When Not To Hire A Marketing Coordinator

When a company is ready to take the leap and add marketing resources to grow sales, it can be a frightening commitment. Most companies want to start small and see where things go. As such, they allocate only enough money for an entry-level coordinator to work on growing the business. Most companies then search for an entry-level marketing professional to whom they can assign full-time responsibility for business growth.

But before taking this approach, companies should ask one question: do I currently have a marketing strategy? If not, they should hold off on extending an offer to an entry-level marketing coordinator.

Entry-level employees

Entry-level employees are best used to help a company execute a strategy that it already has in place. They can help support sales growth and may be the best financial bet in the long run if the company expects to have many ongoing marketing needs.

On the other hand, due to their relative inexperience, these employees may require more direction than a company can handle. Entry-level workers tend to be oriented more toward tactics and execution than big-picture thinking, so if a company doesn’t yet have a marketing strategy, this hire may not be able to give them what they need. They may also end up frustrating ownership with questions that no one knows the answer to.

Entry-level employees aren’t the only option. Another route that companies should consider is hiring a part-time marketing executive to develop a growth strategy and execution plan.

Part-time marketing executive

A part-time marketing executive works with a company to create a growth strategy from scratch that uniquely fits their business. This is the best bet if an owner or president does not have a sales or marketing background, or if the company currently lacks a plan or the time to develop one.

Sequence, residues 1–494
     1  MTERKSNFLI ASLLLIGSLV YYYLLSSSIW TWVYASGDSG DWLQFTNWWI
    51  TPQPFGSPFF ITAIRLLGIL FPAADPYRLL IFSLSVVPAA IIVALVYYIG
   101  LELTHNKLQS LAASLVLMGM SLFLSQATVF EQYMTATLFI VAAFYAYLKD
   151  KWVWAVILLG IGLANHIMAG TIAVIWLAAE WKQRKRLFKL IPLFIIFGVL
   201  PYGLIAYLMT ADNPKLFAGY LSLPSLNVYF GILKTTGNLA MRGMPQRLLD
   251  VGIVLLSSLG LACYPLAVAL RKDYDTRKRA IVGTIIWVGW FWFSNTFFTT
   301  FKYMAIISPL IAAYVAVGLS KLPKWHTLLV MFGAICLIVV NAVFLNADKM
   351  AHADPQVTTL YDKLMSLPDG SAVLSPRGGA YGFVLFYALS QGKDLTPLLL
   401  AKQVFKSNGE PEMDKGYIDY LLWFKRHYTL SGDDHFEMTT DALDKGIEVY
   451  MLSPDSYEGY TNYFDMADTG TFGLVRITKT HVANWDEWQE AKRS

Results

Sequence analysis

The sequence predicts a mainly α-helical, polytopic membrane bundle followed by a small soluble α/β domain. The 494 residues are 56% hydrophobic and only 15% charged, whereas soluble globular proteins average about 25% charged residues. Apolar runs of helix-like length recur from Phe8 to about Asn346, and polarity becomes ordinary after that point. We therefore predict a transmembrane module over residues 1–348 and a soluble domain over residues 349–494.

The process of developing a strategy includes doing market research (see how Leland Smith Marketing does this). Working with a part-time expert can put a company on the fast track to sales and marketing readiness. And best of all, the company doesn’t have to keep this person on the payroll after their work is done.

What happens when the marketing plan is complete?

A part-time executive can help a company determine the best path forward. Based on a company’s needs, they will typically come to one of three conclusions:

  • The company can handle its needs internally from now on with existing resources.
    With a marketing plan in hand, the company can execute it by dividing responsibilities among the sales force and office staff.
  • The company needs a full-time marketing professional.
    They have a plan, but now need someone to execute. Here is where a marketing professional (entry-level or more experienced) can really shine. The company will be able to answer his or her questions and provide clear direction, using their new marketing strategy as a guide.
  • The company needs freelance resources.
    Full-time staff aren’t likely to have all of the skills a company could ever need. From time to time, they may need help with photography, web design, copywriting, or other skills. This is another way part-time marketing executives can help: they can connect companies to trusted resources they’ve worked with in the past.

As with any new initiative, companies must know where you’re headed before they get started. If a company already has a clear marketing strategy and a plan for how to execute it, a junior level marketing coordinator may fit the bill.

However, if they need help developing the strategy, a part-time marketing executive can help. He or she will conduct research, provide recommendations, and create a plan for maintaining the strategy—while the company stays focused on what they’re best at.

Other questions about marketing partners? Contact Leland Smith Marketing to learn more.